Before diving into the review, I must first state a mea culpa of sorts. Science Fiction has always been a genre renowned for being big on the epic ideas and adventures -both physically and philosophically – yet for some unfathomable reason, despite enjoying the visual TV and film treats ranging from Star-Trek through to Red Dwarf, Blade Runner through to Battlestar Galactica and Interstellar, I have to confess I have rarely ventured into the literary realm. I have tangentially entering it through a bit of Terry Pratchett or Neil Gaiman – both of whom I love to read – and whose works fantastically capture the imagination, but to my arbitrary categorising mind still appears a ‘genre-removed’ from ‘Sci-Fi-authenticus’ if you will.
I suspect this is in part due to an unconscious bias that always seems to prioritise the great many other novels that are on the infinitely expanding “to do list” as if somehow the knowledge or enjoyment gained from sci-fi texts is potentially less than that from the more conventional form. It’s a nonsensical logic, of course, and reflective of a mild prejudice perhaps on my behalf. In my weakened defence – it wasn’t for the lack of trying in my younger days, I did attempt some Iain M. Banks (The Algebraist) and even one of the most revered names in the genre – Isaac Asimov’s Foundation – but alas neither gripped me, whether it was the abstract worlds or the occasionally unpronouncable names, there was to a degree a distancing in the style that I regrettable couldn’t take to then. Since which, I have added many a title to the to do list, but it has taken until now to get round to throwing myself into the world properly, with Proxima by Stephen Baxter.
It’s premise drew me in swiftly: – always handy when you’re a tentative newcomer to a genre – Proxima is a red dwarf star within the Alpha Centauri star system – the closest to our own, and provider of the stage for the subject of 22nd century interstellar interplanetary travel and colonial expansion of mankind. Mars has already been colonised, whilst Mercury too has become habitable within its own Dome world. The first wave of colonisers are those forcibly selected for the adventure – inviting an analogy with the convicts sent out to Australia – amongst whom is Yuri; a young man who has been cryogenically frozen and awoken 80 years later, who serves as one of the main character conduits through which the exploration of alien ecology and interstellar travel is undertaken.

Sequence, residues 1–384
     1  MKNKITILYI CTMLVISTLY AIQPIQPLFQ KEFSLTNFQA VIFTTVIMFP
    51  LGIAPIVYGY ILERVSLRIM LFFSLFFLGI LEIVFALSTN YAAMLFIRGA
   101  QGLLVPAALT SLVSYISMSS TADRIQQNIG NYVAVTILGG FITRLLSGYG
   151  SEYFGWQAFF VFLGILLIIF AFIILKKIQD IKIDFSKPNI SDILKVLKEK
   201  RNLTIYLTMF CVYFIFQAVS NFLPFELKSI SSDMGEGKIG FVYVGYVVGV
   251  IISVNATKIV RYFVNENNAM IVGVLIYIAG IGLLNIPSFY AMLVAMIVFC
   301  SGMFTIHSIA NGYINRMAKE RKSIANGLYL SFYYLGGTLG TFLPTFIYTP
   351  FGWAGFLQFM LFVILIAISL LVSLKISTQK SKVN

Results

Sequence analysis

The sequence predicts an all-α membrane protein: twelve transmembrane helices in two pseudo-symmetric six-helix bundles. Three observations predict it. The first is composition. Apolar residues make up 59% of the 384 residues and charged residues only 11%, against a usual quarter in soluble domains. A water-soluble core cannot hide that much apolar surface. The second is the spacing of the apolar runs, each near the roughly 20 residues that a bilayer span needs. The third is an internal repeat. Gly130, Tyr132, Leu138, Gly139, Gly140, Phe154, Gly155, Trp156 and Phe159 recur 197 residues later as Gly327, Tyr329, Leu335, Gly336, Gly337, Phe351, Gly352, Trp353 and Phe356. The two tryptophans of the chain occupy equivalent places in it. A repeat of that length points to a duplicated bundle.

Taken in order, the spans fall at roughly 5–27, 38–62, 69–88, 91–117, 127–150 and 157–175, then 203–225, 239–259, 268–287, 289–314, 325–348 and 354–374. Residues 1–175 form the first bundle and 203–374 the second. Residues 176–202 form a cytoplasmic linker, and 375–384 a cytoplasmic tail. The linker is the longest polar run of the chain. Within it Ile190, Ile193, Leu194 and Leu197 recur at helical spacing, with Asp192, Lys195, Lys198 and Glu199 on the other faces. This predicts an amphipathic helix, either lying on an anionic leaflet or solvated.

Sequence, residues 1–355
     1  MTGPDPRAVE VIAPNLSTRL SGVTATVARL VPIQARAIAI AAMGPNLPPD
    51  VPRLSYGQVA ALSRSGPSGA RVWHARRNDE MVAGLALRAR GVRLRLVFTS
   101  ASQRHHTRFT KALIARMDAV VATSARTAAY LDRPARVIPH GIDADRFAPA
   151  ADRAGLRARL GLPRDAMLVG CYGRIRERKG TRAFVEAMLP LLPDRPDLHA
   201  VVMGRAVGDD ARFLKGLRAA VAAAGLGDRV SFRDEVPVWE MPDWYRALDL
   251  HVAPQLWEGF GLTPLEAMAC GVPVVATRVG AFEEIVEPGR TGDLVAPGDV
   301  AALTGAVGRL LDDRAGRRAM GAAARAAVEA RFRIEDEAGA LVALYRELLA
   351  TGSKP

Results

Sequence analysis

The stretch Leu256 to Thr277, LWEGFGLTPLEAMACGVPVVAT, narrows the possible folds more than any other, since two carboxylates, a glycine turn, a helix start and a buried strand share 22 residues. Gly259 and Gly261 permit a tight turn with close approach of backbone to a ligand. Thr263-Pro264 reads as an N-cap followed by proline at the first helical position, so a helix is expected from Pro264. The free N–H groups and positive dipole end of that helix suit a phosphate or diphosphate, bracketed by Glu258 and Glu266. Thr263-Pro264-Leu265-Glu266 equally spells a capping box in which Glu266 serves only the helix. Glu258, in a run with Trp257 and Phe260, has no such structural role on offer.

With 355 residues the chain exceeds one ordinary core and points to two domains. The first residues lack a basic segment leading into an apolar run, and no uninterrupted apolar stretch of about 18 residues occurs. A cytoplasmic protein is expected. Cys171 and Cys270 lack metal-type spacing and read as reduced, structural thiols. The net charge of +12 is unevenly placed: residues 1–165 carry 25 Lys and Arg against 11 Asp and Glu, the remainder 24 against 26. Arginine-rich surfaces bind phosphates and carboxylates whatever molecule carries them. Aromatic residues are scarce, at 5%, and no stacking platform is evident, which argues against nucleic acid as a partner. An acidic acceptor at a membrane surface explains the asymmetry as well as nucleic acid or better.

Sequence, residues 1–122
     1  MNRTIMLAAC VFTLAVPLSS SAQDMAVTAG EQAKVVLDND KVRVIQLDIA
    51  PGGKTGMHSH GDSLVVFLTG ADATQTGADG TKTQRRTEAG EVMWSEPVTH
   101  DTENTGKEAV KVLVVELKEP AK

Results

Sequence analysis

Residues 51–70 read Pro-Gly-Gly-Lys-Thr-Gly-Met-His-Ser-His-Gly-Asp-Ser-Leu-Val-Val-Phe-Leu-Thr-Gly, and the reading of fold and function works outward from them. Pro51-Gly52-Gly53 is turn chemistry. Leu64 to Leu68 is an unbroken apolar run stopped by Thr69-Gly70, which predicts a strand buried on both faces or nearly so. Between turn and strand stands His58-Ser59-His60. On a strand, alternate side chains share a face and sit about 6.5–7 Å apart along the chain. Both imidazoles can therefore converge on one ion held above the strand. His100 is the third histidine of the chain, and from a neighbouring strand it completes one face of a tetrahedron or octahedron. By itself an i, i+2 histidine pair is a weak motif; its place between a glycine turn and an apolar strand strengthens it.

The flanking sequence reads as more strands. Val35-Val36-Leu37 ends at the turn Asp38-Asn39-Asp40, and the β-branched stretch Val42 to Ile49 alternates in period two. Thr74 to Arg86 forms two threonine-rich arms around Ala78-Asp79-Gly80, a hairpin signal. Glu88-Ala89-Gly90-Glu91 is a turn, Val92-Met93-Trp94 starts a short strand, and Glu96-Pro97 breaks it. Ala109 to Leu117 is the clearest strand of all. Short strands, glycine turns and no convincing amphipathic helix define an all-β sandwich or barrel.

His displacement from his own time, provides the narrative device for certain plot expositions to take place. Yuri is sent down with a small number of colonists – a number that swiftly dwindles – and doomed to this new planetary landscape – one where one half of the planet has the Sun constantly in the sky, and possessing its’ own unique stem-based life forms. Trapped light years from the rest of mankind, the central focus of the narrative on prox e or Per Ardua ( Latin: through adversity ) as it becomes known by the newly enforced locals is an engaging ( though not original ) study of life in a new world with a tiny handful of colonists / survivors and the AI ‘ColU’ machine – again an expedient device for dishing out some of the fascinating science, both fact-based and speculative.